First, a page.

Predictors of contraction and expansion of area of occupancy for British birds
Bradshaw, Corey J.A.; Brook, Barry W.; Delean, Steven; et al.Fordham, Damien A.; Herrando-Perez, Salvador; Cassey, Phillip; Early, Regan; Sekercioglu, Cagan H.; Aragao, Miguel B.
Proceedings of the Royal Society of London B
Geographical range dynamics are driven by the joint effects of abiotic factors, human ecosystem modifications, biotic interactions and the intrinsic organismal responses to these. However, the relative contribution of each component remains largely unknown. Here, we compare the contribution of life-history attributes, broad-scale ...
Geographical range dynamics are driven by the joint effects of abiotic factors, human ecosystem modifications, biotic interactions and the intrinsic organismal responses to these. However, the relative contribution of each component remains largely unknown. Here, we compare the contribution of life-history attributes, broad-scale gradients in climate and geographical context of species’ historical ranges, as predictors of recent changes in area of occupancy for 116 terrestrial British breeding birds (74 contractors, 42 expanders) between the early 1970s and late 1990s. Regional threat classifications demonstrated that the species of highest conservation concern showed both the largest contractions and the smallest expansions. Species responded differently to climate depending on geographical distribution—northern species changed their area of occupancy (expansion or contraction) more in warmer and drier regions, whereas southern species changed more in colder and wetter environments. Species with slow life history (larger body size) tended to have a lower probability of changing their area of occupancy than species with faster life history, whereas species with greater natal dispersal capacity resisted contraction and, counterintuitively, expansion. Higher geographical fragmentation of species' range also increased expansion probability, possibly indicating a release from a previously limiting condition, for example through agricultural abandonment since the 1970s. After accounting statistically for the complexity and nonlinearity of the data, our results demonstrate two key aspects of changing area of occupancy for British birds: (i) climate is the dominant driver of change, but direction of effect depends on geographical context, and (ii) all of our predictors generally had a similar effect regardless of the direction of the change (contraction versus expansion). Although we caution applying results from Britain's highly modified and well-studied bird community to other biogeographic regions, our results do indicate that a species' propensity to change area of occupancy over decadal scales can be explained partially by a combination of simple allometric predictors of life-history pace, average climate conditions and geographical context.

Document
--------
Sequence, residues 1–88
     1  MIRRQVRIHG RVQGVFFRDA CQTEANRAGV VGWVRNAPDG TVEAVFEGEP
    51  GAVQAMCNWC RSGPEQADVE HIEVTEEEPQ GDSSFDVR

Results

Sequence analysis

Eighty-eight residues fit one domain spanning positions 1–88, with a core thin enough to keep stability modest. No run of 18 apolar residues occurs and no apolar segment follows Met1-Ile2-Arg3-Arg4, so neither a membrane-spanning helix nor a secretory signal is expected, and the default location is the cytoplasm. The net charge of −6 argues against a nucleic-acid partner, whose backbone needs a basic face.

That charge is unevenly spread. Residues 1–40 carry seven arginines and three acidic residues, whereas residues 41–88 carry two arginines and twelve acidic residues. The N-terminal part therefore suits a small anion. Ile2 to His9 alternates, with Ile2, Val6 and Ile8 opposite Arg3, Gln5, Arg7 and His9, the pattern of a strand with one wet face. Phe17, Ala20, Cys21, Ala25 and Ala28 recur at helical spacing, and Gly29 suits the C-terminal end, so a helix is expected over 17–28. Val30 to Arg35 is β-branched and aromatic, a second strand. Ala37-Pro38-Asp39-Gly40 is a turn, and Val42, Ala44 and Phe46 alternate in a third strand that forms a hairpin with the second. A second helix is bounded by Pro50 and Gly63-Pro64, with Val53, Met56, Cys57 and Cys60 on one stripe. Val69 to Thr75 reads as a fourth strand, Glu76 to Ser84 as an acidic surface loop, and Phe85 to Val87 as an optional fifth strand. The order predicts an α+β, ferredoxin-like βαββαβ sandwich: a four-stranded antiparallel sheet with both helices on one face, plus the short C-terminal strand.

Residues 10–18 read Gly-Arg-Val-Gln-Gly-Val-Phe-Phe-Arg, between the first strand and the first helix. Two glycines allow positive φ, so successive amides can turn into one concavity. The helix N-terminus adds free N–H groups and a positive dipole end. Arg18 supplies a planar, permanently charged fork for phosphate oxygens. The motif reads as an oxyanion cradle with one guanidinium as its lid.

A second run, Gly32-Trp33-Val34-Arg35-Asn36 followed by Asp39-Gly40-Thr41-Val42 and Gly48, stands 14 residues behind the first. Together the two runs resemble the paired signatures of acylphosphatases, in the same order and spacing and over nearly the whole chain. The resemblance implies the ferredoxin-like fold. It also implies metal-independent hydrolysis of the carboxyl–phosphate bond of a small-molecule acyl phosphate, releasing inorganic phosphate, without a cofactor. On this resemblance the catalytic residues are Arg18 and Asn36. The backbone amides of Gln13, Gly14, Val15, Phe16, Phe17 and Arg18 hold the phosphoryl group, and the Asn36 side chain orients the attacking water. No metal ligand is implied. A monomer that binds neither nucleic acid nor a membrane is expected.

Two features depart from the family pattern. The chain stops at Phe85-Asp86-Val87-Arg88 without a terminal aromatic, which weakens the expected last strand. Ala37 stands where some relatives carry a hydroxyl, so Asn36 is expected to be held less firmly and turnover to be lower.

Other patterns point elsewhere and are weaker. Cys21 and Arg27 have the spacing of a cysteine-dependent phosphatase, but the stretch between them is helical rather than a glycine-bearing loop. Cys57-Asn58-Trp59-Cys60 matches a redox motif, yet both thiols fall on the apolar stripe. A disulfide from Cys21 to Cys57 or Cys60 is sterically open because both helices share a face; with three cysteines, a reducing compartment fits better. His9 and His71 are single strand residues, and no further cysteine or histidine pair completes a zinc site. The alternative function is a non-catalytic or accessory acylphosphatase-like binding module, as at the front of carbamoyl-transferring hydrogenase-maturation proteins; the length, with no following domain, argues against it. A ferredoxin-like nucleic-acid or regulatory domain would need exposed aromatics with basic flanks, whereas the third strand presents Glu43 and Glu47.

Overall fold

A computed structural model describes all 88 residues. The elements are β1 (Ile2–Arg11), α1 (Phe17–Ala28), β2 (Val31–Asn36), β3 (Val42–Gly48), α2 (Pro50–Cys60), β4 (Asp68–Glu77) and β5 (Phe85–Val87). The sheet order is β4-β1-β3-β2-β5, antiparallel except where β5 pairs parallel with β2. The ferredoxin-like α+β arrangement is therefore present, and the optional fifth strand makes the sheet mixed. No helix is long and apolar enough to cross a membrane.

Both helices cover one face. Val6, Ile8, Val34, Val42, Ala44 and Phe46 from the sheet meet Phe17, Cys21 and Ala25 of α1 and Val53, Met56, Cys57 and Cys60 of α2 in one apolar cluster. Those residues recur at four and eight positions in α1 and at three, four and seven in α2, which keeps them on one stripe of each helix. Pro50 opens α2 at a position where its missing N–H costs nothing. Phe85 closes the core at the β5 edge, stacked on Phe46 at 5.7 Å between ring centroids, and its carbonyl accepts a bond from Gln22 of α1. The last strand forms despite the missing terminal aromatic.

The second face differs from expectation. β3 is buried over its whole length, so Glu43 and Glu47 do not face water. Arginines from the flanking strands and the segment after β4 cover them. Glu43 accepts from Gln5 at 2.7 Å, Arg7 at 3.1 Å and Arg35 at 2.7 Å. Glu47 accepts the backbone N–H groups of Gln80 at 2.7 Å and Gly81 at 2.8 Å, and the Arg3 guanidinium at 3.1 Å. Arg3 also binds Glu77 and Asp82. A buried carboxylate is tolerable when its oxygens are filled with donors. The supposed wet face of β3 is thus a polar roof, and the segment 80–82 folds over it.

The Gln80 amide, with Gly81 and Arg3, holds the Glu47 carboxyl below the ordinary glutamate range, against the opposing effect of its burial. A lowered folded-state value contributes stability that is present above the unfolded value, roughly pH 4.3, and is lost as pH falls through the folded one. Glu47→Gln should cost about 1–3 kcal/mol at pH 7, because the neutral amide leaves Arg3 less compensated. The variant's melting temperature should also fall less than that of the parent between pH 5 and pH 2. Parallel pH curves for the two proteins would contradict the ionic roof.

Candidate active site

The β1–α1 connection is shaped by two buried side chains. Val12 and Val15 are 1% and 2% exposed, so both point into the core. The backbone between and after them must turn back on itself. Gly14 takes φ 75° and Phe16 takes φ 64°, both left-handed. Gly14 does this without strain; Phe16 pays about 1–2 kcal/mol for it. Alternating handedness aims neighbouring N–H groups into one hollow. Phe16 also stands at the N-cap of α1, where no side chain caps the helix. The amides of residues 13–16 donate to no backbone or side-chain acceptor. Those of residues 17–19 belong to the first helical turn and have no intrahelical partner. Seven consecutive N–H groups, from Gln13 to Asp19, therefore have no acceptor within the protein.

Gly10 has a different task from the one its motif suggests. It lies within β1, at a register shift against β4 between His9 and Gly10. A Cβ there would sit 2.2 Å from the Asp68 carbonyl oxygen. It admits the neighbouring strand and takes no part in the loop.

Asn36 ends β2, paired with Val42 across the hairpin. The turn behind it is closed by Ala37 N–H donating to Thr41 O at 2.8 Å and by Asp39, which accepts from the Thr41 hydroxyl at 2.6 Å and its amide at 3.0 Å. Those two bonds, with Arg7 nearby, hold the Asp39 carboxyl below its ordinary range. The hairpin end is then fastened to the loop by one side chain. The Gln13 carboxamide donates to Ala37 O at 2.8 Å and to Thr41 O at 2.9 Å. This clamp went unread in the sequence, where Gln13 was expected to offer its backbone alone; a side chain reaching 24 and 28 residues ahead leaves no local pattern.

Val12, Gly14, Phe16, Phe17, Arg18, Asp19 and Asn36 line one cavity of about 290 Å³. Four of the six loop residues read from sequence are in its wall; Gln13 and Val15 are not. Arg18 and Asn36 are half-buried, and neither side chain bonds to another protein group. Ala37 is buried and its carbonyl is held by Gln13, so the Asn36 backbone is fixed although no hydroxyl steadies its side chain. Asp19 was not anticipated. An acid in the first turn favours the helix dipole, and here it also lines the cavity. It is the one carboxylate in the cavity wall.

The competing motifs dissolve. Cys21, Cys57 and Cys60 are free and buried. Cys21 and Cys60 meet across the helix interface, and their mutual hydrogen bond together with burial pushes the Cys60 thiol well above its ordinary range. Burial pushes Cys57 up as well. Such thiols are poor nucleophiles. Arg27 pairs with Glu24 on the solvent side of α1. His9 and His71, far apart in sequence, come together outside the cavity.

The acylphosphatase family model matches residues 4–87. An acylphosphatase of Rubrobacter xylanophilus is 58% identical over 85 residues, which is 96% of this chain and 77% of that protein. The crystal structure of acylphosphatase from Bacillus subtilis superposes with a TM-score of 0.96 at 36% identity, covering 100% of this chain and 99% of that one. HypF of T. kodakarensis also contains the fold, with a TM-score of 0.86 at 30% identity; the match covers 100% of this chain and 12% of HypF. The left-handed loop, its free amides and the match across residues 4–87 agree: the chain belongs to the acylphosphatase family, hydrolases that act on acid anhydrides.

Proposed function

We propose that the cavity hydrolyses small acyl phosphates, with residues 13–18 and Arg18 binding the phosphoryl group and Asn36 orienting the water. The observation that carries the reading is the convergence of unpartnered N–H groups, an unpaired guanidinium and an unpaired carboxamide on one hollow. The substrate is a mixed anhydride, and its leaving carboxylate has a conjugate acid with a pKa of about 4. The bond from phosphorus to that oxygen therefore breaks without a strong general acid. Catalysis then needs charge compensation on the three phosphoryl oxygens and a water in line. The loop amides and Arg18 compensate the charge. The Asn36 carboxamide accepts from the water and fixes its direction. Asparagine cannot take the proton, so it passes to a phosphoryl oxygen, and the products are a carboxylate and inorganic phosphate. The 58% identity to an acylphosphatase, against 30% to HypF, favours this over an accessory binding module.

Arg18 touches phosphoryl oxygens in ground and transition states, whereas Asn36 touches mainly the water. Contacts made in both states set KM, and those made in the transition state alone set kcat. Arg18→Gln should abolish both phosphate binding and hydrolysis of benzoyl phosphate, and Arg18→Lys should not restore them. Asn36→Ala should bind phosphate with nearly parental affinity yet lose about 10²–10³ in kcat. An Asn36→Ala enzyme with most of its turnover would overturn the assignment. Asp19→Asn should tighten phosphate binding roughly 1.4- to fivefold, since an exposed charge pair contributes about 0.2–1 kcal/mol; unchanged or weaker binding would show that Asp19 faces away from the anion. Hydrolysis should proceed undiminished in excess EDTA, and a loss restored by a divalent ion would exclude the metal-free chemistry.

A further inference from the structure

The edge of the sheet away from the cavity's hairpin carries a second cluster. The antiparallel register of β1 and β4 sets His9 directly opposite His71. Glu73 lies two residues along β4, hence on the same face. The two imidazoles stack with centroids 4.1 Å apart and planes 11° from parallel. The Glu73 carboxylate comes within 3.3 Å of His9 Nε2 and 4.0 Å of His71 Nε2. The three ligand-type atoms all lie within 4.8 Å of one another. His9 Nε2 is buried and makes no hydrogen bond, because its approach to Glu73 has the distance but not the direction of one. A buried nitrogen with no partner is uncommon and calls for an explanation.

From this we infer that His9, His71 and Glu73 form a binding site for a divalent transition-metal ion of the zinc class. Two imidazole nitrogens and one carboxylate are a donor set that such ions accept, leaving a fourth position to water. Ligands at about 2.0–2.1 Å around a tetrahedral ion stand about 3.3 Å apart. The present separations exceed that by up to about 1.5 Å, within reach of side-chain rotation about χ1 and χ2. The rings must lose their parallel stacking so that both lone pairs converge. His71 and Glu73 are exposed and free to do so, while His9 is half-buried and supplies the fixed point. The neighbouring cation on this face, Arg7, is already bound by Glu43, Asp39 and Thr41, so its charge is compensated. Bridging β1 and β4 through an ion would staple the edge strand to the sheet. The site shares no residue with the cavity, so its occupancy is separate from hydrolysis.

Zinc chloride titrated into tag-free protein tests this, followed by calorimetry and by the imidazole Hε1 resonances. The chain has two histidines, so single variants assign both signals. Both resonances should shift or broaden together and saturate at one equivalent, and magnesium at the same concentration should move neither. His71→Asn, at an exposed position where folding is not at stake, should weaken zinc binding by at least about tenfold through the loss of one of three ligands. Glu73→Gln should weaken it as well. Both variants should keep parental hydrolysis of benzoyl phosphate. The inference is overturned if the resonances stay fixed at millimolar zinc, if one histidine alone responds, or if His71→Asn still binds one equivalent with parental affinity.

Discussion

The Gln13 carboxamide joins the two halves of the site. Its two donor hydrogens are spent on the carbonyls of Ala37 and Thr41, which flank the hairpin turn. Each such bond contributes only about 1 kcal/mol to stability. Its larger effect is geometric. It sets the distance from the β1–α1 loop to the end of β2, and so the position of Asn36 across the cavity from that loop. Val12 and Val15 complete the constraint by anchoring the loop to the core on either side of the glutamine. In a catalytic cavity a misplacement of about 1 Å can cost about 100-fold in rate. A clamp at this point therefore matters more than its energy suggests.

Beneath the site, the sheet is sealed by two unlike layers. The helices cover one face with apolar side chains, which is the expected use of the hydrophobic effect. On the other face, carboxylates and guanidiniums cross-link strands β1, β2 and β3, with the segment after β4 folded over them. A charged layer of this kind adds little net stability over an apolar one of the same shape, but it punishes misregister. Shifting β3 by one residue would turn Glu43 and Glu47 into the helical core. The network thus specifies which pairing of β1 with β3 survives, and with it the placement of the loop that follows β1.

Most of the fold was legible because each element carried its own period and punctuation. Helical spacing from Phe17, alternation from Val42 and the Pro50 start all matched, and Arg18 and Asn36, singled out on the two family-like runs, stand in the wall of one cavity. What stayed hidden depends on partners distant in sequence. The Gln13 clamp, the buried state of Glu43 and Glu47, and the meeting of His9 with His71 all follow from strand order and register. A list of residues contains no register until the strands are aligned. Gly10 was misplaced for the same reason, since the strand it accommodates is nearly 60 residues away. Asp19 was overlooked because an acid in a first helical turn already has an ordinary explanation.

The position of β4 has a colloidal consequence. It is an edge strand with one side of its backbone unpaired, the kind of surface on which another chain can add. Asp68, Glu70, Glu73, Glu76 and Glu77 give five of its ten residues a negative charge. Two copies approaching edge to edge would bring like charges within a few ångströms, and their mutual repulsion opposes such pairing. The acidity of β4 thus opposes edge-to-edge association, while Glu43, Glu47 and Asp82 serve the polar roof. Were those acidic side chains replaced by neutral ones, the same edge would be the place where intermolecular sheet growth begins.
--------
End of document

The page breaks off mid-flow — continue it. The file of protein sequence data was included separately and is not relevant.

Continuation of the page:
College of Life and Environmental Sciences
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